I'm actually designing it around the battery, and just trying to understand the limitations that its power output puts on me. Sure looks like I should have gotten two of the 100Ahr ones and paralleled them, but no going back now! I know there are plenty of options for cooking, but not burning gas inside appeals to me for many reasons.

Thanks for weighing in, you all. I may bump up my solar panel wattage after this input. This is getting me closer to a functional electrical plan, which I'll post as soon as I can. Thanks!
 

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I just realized that you are in SF.

I have helped with a few van projects there.
 

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If you stick with the one 206Ah SOK for now, you might think about designing space(s) for at least two batteries just in case you change your mind later. My electrical system has morphed over time as I experience and learn more. So far, I haven't painted myself into a corner I couldn't get out of.
 

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Discussion Starter · #10 ·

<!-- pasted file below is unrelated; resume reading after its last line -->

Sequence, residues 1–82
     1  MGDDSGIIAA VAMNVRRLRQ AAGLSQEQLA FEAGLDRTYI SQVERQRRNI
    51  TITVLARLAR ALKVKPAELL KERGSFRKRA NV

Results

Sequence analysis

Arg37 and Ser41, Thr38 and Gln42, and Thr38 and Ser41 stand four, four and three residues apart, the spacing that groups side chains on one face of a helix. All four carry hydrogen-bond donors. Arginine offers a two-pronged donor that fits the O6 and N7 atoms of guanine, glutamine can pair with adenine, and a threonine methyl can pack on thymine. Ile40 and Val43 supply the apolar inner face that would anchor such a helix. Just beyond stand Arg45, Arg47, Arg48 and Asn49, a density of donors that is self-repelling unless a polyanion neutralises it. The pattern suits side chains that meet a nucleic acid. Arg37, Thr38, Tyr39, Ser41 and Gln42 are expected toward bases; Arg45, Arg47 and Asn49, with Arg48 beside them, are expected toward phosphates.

I just realized that you are in SF.

I have helped with a few van projects there.
Thank you! I'm moving at a snail's pace at the moment because I have two kids under 5, BUT hoping to gain some momentum this June and get the electrical installed. I'll reach out!
 

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Discussion Starter · #11 ·
If you stick with the one 206Ah SOK for now, you might think about designing space(s) for at least two batteries just in case you change your mind later. My electrical system has morphed over time as I experience and learn more. So far, I haven't painted myself into a corner I couldn't get out of.
Yeah, this is wise. I'm starting that layout process now, but have some tough space constraints trying to leave room for the kids to have a bed. My suggestion for putting them outside in a tent wasn't met well from my other half. I'll definitely leave room for a 2nd battery though. 😂
 

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Thank you! I'm moving at a snail's pace at the moment because I have two kids under 5, BUT hoping to gain some momentum this June and get the electrical installed. I'll reach out!

Once you have selected all of the parts it is too late for me to do anything useful for you. I mostly work on systems that I have a significant hand in the design / component selection.
 

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Yeah, this is wise. I'm starting that layout process now, but have some tough space constraints trying to leave room for the kids to have a bed. My suggestion for putting them outside in a tent wasn't met well from my other half. I'll definitely leave room for a 2nd battery though. 😂
Depending on where you travel, let your other half win this one.